Why Goal-Setting Doesn’t Work

July 2, 2015 by Charlie Hedges − 0 Comments

Chances are good that you set some kind of goals in January 2015. New Year’s Resolutions are not so big anymore, but “Goal-Setting” has become huge, as has the number of “experts” who promise you will attain incredible goals if you just follow their “proven” formulas.

So, how are you doing with setting goals? Have you accomplished many? Are you on track? Or, do your 2015 Goals just sit stashed away in some unused folder on your computer?

There are surely people who are right on track. Strangely, I’m one of those few people, in spite of myself. I think that’s because I really don’t set “goals,” instead, I create list of “want-to-do’s.” In fact, just last Friday, I just returned from completing one of my “want-to-do’s” for the year: I took one of my two international trips. This trip included Paris, Belgium, and Amsterdam. Fine trip. Desire completed. √. Ooh, don’t √’s feel good?

Houston: We Have a Problem

But after seriously pondering this goal-setting thing, I’m starting to believe it’s mostly just an illusive way to motivate us using a lot of guilt. For the most part it’s too cerebral and too demanding. You don’t have the time to focus intently and chances are you lack the drive necessary to achieve those lofty goals.

Honestly, far more people fail at their goals than achieve them. Did you know that 90% of New Year’s Resolutions go unfulfilled? I’d say the number of failures for those who set serious goals and plans and milestones and checklists is also very high. Life is just too darn busy. We are so invested in the day-to-day that we can’t find time, energy or desire to work on new goals.

How many of you have said, “I’m gonna lose 20 pounds,” but when you check the scales 6 months later, you’ve actually gained 5. Haha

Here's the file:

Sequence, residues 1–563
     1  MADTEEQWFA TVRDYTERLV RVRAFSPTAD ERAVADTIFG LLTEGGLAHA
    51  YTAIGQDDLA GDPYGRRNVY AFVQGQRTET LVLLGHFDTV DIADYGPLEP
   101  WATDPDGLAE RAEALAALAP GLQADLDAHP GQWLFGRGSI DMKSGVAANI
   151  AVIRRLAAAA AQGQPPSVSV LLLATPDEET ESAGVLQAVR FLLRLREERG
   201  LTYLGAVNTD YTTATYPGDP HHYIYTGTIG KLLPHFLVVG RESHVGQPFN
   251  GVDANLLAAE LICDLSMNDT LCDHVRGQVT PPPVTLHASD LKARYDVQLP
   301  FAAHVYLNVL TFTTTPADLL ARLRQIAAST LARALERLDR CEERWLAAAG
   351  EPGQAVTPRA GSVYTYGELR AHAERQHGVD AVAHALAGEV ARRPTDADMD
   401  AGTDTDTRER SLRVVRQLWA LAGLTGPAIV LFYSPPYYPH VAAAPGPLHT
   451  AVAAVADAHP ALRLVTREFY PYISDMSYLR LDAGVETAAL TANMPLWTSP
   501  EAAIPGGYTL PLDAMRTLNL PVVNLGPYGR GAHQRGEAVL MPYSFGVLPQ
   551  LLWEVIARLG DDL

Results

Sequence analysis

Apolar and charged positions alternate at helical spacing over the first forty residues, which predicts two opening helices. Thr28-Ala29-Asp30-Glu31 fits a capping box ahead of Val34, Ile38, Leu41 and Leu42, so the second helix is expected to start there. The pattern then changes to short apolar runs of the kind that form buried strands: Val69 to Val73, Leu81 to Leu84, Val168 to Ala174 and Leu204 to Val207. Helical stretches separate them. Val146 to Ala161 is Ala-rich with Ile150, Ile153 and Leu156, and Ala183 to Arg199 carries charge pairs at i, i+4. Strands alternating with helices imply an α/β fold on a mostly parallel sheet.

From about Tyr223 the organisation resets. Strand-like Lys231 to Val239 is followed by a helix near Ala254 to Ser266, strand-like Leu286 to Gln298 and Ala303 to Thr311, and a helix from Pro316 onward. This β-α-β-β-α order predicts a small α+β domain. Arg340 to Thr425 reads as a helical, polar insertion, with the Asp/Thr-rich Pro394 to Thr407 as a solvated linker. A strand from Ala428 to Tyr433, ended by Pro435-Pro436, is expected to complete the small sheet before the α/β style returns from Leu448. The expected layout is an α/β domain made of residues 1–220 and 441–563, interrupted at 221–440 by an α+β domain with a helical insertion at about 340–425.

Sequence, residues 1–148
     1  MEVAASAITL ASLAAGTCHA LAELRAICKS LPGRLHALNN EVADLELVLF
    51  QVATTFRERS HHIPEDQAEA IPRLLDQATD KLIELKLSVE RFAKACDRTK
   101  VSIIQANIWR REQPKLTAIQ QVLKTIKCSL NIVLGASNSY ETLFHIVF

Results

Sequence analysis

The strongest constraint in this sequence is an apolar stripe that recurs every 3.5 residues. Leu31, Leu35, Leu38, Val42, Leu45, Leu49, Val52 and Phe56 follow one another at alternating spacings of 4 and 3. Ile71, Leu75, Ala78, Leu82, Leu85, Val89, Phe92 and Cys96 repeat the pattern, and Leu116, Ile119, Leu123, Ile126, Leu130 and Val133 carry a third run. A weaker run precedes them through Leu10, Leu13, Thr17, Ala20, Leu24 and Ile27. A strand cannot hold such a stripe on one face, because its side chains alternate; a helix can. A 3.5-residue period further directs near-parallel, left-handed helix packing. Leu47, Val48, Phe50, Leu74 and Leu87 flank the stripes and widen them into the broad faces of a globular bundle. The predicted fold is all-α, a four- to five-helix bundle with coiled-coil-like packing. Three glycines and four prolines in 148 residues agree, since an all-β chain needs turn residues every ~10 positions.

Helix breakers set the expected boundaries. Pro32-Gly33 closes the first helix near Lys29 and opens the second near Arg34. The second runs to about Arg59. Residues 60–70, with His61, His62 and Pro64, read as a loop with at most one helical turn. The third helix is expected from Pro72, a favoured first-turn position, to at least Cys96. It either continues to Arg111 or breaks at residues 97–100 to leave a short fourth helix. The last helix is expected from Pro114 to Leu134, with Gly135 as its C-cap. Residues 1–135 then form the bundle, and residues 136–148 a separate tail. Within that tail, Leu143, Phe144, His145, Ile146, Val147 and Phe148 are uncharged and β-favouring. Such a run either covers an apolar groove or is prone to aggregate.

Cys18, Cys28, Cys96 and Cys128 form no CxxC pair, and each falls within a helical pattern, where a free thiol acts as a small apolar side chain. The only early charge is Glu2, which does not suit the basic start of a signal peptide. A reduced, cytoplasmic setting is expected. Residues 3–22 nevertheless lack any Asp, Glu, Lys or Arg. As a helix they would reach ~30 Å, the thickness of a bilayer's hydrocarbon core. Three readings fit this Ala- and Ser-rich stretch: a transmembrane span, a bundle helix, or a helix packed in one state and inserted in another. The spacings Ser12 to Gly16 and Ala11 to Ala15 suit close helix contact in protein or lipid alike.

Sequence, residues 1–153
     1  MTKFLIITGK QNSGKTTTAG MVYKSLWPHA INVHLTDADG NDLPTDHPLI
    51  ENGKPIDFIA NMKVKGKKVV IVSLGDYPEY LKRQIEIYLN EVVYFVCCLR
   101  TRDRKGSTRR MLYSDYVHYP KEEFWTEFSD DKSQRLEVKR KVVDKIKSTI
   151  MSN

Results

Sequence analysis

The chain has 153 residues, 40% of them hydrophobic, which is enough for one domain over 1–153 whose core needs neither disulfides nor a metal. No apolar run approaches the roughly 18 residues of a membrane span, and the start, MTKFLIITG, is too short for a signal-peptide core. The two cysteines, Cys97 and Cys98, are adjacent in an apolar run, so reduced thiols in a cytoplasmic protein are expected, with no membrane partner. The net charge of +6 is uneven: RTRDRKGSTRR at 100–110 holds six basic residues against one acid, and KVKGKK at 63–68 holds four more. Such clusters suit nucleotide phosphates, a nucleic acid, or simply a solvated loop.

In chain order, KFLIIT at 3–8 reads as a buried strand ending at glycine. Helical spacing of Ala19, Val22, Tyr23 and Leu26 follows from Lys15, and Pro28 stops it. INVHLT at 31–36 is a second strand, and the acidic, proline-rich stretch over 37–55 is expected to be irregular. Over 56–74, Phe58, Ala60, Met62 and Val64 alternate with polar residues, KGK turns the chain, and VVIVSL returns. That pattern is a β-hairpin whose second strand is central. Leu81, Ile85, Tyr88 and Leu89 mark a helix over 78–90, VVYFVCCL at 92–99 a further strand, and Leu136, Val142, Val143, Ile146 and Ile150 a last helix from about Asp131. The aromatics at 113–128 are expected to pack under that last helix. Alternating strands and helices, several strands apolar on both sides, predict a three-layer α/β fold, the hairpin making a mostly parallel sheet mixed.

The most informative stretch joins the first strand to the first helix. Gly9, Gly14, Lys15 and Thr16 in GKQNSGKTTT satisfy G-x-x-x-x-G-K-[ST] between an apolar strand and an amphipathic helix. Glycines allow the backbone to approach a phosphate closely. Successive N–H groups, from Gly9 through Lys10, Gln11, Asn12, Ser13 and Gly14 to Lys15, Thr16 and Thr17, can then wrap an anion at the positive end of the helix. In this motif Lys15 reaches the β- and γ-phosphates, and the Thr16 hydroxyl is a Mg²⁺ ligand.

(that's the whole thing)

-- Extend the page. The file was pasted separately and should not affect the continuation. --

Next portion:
So is there a solution? Is there another way to learn and experience new things without intricate goal-setting processes? We all want to “do more” and “be more.” It’s inherent in human nature, or at least in “American” human nature.

What are our options?

DNA’d to Fail at Goal-Setting

In the most used personality evaluation instrument in the world, the MBTI, or Myers-Briggs, there are two styles for getting things done—the “J” and the “P.” The “J” is the “get-‘er-done” style. They start something and they finish it. They love closure and step-by-step systems. They’re organized, dependable, and orderly. Shoot, they even keep neat closets—color coordinated. They “love” goal planning.

Then there are the “P’s.” I like to say the” P” stands for ”phlakey.” Haha. That’s me. We start something, then we start something else, then we start another something, and on. We love to start, but we’re too “new-thing” oriented to ever get things completed. We love change. We’re impulsive and spontaneous. “P’s” love last minute plans and spur of the moment thinking. We see “deadlines” as “guidelines.” When someone says to be somewhere at 7:00, to us it means 7:00ish, give or take 30 minutes or so.

What would you guess is the number of P’s compared to J’s? They’re equal. Yes 50% of the population are J’s and 50% are P’s. That means 50% of the population is DNA’d to fail at goal-setting. We’re just not made to be stringently goal-oriented. We’re made to live the day today and let tomorrow be tomorrow. But… WE STILL AGREE THAT SETTING SOME KIND OF TARGET IS ESSENTIAL!!!